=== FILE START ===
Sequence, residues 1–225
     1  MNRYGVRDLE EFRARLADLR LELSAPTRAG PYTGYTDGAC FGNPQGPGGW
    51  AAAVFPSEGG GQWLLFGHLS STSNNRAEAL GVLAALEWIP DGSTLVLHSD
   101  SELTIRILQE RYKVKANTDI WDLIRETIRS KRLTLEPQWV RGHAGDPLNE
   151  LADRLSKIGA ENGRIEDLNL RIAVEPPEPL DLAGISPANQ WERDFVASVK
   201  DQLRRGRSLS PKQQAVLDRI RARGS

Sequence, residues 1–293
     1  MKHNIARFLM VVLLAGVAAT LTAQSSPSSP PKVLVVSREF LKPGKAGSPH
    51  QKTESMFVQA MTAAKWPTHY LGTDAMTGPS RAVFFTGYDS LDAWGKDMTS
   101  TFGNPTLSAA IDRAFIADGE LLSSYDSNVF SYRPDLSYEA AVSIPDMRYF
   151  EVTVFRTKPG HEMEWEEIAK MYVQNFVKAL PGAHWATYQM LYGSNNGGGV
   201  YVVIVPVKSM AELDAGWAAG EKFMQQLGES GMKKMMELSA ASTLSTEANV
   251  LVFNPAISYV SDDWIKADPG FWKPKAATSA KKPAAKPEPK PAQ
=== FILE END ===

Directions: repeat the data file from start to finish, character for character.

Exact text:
Sequence, residues 1–225
     1  MNRYGVRDLE EFRARLADLR LELSAPTRAG PYTGYTDGAC FGNPQGPGGW
    51  AAAVFPSEGG GQWLLFGHLS STSNNRAEAL GVLAALEWIP DGSTLVLHSD
   101  SELTIRILQE RYKVKANTDI WDLIRETIRS KRLTLEPQWV RGHAGDPLNE
   151  LADRLSKIGA ENGRIEDLNL RIAVEPPEPL DLAGISPANQ WERDFVASVK
   201  DQLRRGRSLS PKQQAVLDRI RARGS

Sequence, residues 1–293
     1  MKHNIARFLM VVLLAGVAAT LTAQSSPSSP PKVLVVSREF LKPGKAGSPH
    51  QKTESMFVQA MTAAKWPTHY LGTDAMTGPS RAVFFTGYDS LDAWGKDMTS
   101  TFGNPTLSAA IDRAFIADGE LLSSYDSNVF SYRPDLSYEA AVSIPDMRYF
   151  EVTVFRTKPG HEMEWEEIAK MYVQNFVKAL PGAHWATYQM LYGSNNGGGV
   201  YVVIVPVKSM AELDAGWAAG EKFMQQLGES GMKKMMELSA ASTLSTEANV
   251  LVFNPAISYV SDDWIKADPG FWKPKAATSA KKPAAKPEPK PAQ